Tents vs umbrellas for outdoor markets

Discussion in 'Craft Fairs & Shows' started by Cirafly24, May 26, 2018.

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  1. May 26, 2018 #1

    Cirafly24

    Cirafly24

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    I don't have the funds right now to purchase a tent for my markets this summer. Would a large umbrella set through the middle of the table work? I have an adjustable one that I can move to keep the shade where I need it. Thoughts?
     
  2. May 26, 2018 #2

    cmzaha

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    You better check with the market manager and ask if you can use an umbrella, some markets, at least where I live, will not allow umbrellas. Also some markets will only allow white tents. If you want to do markets it is really part of the cost of doing business.

    Tents are not just used for shade. Having a proper booth setup will make a difference how customers look at you, after all it is the first thing they see. Someone with just a table and umbrella does not appear to be a dedicated seller.
     
  3. May 26, 2018 #3

    shunt2011

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    I agree with cmzaha. A tent is part of doing business. It also protects you and your products as well as looking professional from a business standpoint. Looks inviting to the customer. And none of the markets I’ve ever done allowed it. They required a tent.
     
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  4. May 27, 2018 #4

    Dreamer

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    I agree with cmzaha and shunt. An umbrella with a table doesn't quite look serious enough about what you are selling. You may find a tent used through your local classifieds. I got my first tent through craigslist (I don't what country you are in so don't know if you have craigslist where you live), and while it needed a bit of cleaning up since it was stored in the person's shed awhile, the price was right and it lasted me just about to the end of my first season at the market until a strong wind came, picked it up, and threw it across the lot. Lesson learned, anchor the tent. Just be aware that the tents are not waterproof, at least not the one that I have or the ones that my neighbors at the market have. While it isn't such a big deal for me since I sell produce, it would be if you were selling soap. I would bring a tarp always at the ready should it start to rain while you are at the market. I hope you do great! I find the markets very enjoyable.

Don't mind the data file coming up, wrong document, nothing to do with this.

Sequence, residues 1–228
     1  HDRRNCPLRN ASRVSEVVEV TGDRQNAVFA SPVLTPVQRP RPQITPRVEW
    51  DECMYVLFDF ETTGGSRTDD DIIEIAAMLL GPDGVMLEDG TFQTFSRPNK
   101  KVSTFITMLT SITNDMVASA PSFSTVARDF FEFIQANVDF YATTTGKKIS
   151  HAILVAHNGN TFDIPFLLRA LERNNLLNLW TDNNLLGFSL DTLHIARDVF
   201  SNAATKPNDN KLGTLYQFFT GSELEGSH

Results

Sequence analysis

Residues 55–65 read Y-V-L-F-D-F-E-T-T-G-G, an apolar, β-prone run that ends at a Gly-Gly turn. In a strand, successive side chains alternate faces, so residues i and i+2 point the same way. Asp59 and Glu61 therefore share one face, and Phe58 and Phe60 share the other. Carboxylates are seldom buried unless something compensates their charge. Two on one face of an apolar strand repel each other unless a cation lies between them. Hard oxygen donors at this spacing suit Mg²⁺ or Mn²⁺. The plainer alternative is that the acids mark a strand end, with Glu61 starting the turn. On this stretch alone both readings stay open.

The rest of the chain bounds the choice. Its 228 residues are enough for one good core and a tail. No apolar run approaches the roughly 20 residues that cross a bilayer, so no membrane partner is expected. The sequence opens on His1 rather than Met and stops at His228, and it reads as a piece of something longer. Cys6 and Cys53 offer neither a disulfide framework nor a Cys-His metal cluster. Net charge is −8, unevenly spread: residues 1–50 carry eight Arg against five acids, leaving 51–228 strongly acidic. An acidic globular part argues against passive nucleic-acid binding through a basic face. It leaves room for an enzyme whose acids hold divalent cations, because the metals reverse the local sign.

5. May 27, 2018 #5

    The Efficacious Gentleman

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    If you're not willing to invest in your business, are you serious about your business? Why do the shows if you're not set up for doing the shows?

    I'm not having a go at you, but these are questions that people need to have a good answer for if they are running a business
     
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  6. May 27, 2018 #6

    DeeAnna

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    I'd also add that it's not just about providing shade and creating a professional appearance. An awning/tent can be made more wind resistant by adding weights on the corners. You really can't do that with an umbrella. It doesn't take a lot of breeze to make a typical umbrella difficult to manage. And wind and bad weather are unavoidable when you do outdoor fairs/shows.
     
  7. May 27, 2018 #7

    Lin19687

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    There is also a Spray that you can buy that will waterproof the canopy top.
    They sell it for tents mainly for the seams.

    I also wonder if scotch guard for couches would work ?
     
  8. Jun 25, 2018 #8

    Cirafly24

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    Thank you for all the responses! I did end up getting a tent at a great price from a friend that no longer needed hers.

    As to investing and being serious about my business, I assure you I am. As it happens, I was temporarily short on funds from paying my seasonal booth fee and my liability insurance for the year. Normally this would not be a problem.